‘I think it’s a pattern that shows how the Hong Kong government treats domestic helpers,’ spokesman for Asian Migrants’ Coordinating Body says.
Migrant workers’ groups have slammed the Hong Kong government for excluding some 400,000 domestic helpers in the second disbursement of HK$5,000 (US$637) in consumption vouchers after authorities said they did not have enough financial resources to cover the community.
The criticism follows Financial Secretary Paul Chan Mo-po’s announcement on Monday to expand the scheme to include those eligible for permanent residency, adding an extra 300,000 people and pushing up costs by HK$1.7 billion to HK$68.1 billion.
Foreign talent, entrepreneurs and students can apply to receive half of the scheme’s total of HK$10,000, but Chan stopped short of extending it to those who do not qualify for permanent residency. This includes domestic helpers, many of whom come from Indonesia and the Philippines.
Eman Villanueva, a spokesman for the Asian Migrants’ Coordinating Body, said the union had appealed to authorities to provide more financial aid to helpers since the onset of the pandemic.
He added that helpers had been excluded from the handouts, and that he believed officials had not taken the union’s appeals seriously.
“I think it’s a pattern that shows how the Hong Kong government treats domestic helpers. They always claim we are part of Hong Kong society and recognise our contribution, but it’s all lip service,” he said.
“They don’t walk the talk. We feel it’s all hypocritical.”
Johannie Tong Hiu-yan, from advocacy group Mission for Migrant Workers, said helpers had faced high financial and mental health stresses as they worried about losing their jobs and being able to support their families during the pandemic.
According to a 2021 survey from the group, 85 per cent of more than 1,000 workers said their monthly expenses in the city had increased since the start of the pandemic.
Around 60 per cent also said their monthly expenditure rose between HK$100 and HK$1,000, for items such as food and transport.
Tong said it was not the first time helpers had been excluded from receiving welfare help in the city.
“It’s disappointing, but it was expected as it’s been like this for a long time,” he said.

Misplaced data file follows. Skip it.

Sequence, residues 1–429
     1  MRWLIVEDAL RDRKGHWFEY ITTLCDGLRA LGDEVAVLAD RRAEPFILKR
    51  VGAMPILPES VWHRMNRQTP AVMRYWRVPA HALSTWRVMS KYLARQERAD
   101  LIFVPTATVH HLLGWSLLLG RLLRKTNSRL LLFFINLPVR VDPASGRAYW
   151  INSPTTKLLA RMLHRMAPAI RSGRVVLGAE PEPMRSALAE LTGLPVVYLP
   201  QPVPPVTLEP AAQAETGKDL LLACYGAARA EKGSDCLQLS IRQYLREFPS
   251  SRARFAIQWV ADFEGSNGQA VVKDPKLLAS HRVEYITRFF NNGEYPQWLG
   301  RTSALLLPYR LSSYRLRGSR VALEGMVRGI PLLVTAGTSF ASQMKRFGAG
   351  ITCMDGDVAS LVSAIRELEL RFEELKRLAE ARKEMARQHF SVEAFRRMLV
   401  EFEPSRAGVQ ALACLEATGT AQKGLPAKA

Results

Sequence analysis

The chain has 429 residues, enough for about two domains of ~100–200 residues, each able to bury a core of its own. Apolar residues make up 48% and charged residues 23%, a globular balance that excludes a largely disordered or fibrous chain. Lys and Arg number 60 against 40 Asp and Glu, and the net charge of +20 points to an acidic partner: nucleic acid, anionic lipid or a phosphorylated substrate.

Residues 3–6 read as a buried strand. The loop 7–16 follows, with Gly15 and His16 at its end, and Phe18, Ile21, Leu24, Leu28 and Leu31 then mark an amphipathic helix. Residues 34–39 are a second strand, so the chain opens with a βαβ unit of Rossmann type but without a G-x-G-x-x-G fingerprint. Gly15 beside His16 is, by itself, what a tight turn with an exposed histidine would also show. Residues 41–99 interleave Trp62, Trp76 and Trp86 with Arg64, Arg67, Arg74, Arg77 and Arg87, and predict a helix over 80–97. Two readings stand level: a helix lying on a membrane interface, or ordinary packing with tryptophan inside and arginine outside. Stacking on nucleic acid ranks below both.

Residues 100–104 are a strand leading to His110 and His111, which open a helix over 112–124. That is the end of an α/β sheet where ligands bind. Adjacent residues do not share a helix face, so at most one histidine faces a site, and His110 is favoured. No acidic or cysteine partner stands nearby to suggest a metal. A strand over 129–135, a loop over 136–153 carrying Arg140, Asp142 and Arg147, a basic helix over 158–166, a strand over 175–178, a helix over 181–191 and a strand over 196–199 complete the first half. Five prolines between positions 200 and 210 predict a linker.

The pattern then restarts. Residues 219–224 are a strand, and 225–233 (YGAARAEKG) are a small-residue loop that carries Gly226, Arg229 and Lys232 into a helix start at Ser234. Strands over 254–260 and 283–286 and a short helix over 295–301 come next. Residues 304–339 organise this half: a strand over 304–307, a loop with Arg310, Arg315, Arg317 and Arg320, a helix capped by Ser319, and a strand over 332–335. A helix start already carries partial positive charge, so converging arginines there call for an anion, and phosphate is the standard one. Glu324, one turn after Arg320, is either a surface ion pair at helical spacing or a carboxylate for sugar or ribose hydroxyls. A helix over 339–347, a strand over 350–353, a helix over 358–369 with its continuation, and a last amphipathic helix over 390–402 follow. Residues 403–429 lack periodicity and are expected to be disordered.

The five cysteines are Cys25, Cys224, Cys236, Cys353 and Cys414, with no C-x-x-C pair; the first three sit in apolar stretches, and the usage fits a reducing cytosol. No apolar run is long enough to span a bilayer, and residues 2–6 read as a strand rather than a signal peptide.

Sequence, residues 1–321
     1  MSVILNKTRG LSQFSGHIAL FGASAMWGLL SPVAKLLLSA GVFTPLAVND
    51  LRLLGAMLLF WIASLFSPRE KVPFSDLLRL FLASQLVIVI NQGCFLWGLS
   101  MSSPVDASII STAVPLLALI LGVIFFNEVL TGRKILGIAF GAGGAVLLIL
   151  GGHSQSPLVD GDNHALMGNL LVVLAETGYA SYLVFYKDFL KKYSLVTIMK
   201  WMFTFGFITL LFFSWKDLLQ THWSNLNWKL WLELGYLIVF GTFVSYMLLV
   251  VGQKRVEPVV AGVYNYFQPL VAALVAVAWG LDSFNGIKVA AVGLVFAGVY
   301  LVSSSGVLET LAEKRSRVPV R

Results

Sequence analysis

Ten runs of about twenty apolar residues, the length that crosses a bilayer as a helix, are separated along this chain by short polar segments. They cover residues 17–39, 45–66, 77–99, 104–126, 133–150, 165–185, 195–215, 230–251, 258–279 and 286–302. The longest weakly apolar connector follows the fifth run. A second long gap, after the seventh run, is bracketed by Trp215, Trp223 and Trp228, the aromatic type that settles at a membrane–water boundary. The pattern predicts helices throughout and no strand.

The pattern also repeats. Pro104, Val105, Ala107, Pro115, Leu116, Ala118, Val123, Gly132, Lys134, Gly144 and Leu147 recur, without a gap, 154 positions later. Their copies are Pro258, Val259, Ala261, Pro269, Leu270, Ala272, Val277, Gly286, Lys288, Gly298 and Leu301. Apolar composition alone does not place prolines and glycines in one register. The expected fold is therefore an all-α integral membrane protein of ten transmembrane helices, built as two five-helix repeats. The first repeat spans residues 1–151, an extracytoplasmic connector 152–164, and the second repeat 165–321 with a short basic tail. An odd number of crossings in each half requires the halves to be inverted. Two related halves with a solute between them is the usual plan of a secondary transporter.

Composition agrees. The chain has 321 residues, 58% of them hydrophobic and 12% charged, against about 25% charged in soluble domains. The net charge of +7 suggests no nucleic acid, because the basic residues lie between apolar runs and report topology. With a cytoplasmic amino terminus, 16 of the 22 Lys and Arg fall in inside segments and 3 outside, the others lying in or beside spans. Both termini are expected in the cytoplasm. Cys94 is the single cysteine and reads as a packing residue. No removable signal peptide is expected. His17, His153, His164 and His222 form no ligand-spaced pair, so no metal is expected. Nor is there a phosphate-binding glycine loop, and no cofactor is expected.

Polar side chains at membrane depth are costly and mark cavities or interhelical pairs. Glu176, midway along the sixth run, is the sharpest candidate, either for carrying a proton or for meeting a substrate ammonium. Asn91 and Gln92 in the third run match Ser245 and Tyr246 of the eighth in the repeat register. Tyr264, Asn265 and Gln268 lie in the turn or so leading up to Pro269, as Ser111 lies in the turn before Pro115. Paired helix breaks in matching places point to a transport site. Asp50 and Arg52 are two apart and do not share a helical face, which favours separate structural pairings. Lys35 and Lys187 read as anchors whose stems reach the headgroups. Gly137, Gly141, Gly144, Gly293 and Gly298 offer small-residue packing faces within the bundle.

Government officials have defended the criteria for eligibility.
“We have this [criteria] because we would like to draw a clear line,” Jessie Wong Hok-ling, head of the budget and tax policy unit at the Financial Secretary’s Office, told a radio programme on Tuesday.
“The Immigration Ordinance clearly states that domestic helpers and imported workers cannot apply for permanent residence no matter how long they stay.”
Wong added that helpers were not included in the e-voucher scheme due to authorities’ financial commitments.
“If our goal was to purely boost consumption, this could have been achieved by having no limitation on age and other elements,” she said.
Villanueva said the policy should be geared towards providing support to those who needed it.
“I don’t think this is about residency issues, it’s about fair treatment,” he said, noting that helpers had contributed to the local economy by spending part of their salaries in the city.
In 2018, Hong Kong’s domestic workers contributed an estimated US$12.6 billion to the city’s economy, about 3.6 per cent of gross domestic product, and they enabled more than 110,000 mothers to rejoin the workforce, according to a study commissioned by Experian, a global information services company, in partnership with Hong Kong-based charity Enrich.
The consumption voucher scheme was first introduced last year, under which eligible residents each received HK$5,000 in e-vouchers during the third and fourth quarters. The government said the programme boosted gross domestic product by 0.7 per cent that year.
The second round of the handouts will be disbursed from August 7.